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Updated 5:00 PM March 16, 2007




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Arthur Miller expert to share thoughts on the language of theatre

In the world of the theatre a suitcase is not just a prop. It also can be a symbol of universal emotions, says Enoch Brater, the Kenneth T. Rowe Collegiate Professor of Dramatic Literature and professor of English and Theatre.
(Photo by Lin Jones, U-M Photo Services)

The suitcase carried by Willy Loman in Arthur Miller's renowned play "Death of a Salesman" is a symbol of arrivals and departures, the sense of impermanence and dislocation that can touch us all, Brater says.

"This is how the theatre uses its own language to make us recognize something about ourselves."

Brater, recognized as one of the world's leading authorities on contemporary drama and an expert on Arthur Miller, will discuss the language of the theatre at 3:10 p.m. March 29 in the Founders Room of the Alumni Center, when he delivers the Kenneth T. Rowe Collegiate Professorship Inaugural Lecture, entitled "Drama Matters: Suitcases, Sand and Dry Goods."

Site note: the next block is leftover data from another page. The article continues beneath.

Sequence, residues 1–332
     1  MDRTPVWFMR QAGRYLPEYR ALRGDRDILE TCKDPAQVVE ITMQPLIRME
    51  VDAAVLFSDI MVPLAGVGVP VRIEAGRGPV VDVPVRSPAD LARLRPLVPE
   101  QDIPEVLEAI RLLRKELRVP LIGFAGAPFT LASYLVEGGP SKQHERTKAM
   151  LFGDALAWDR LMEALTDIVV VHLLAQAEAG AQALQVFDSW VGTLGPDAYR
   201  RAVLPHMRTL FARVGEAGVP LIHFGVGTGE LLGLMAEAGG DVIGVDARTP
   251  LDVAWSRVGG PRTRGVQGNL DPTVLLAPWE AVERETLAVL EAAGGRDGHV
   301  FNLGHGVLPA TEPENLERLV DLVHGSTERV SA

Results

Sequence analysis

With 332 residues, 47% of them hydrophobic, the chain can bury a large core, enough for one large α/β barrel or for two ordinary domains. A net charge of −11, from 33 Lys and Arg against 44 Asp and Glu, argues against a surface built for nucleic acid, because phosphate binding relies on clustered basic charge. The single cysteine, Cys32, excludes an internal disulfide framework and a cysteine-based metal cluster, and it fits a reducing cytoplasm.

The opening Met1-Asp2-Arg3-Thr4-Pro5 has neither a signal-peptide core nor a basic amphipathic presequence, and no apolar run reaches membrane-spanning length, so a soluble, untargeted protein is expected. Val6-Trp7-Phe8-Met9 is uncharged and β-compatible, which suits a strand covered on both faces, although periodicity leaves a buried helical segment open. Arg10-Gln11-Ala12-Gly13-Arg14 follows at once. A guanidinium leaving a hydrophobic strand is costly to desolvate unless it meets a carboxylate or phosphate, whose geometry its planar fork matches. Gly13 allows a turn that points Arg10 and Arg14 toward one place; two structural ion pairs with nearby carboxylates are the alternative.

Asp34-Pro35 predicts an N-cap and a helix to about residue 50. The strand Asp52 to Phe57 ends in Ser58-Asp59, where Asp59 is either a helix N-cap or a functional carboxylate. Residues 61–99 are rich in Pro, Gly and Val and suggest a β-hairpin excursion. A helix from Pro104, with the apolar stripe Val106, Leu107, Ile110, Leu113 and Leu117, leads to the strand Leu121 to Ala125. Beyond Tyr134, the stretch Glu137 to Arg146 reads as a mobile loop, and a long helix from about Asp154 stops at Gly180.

The lecture is given in conjunction with the University symposium, "Global Miller," March 29- April 1, examining Miller's influence, impact and legacy on international theatre. The symposium, organized by Brater, is part of the celebration of the opening on March 29 of the Arthur Miller Theatre in the Walgreen Drama Center on North Campus.

Brater, who this month is publishing his third book on one of U-M's most famous alumni, "Arthur Miller's Global Theater," also is serving on the advisory committee for the only theater to bear the playwright's name.

Brater's collegiate professorship is named in honor of Rowe, who was an early mentor to Miller when he was a student at the University in the 1930s.

"Professor Rowe represented something very important in the history of Michigan," Brater says. "It was in his playwriting class that Miller first became interested in the discipline."

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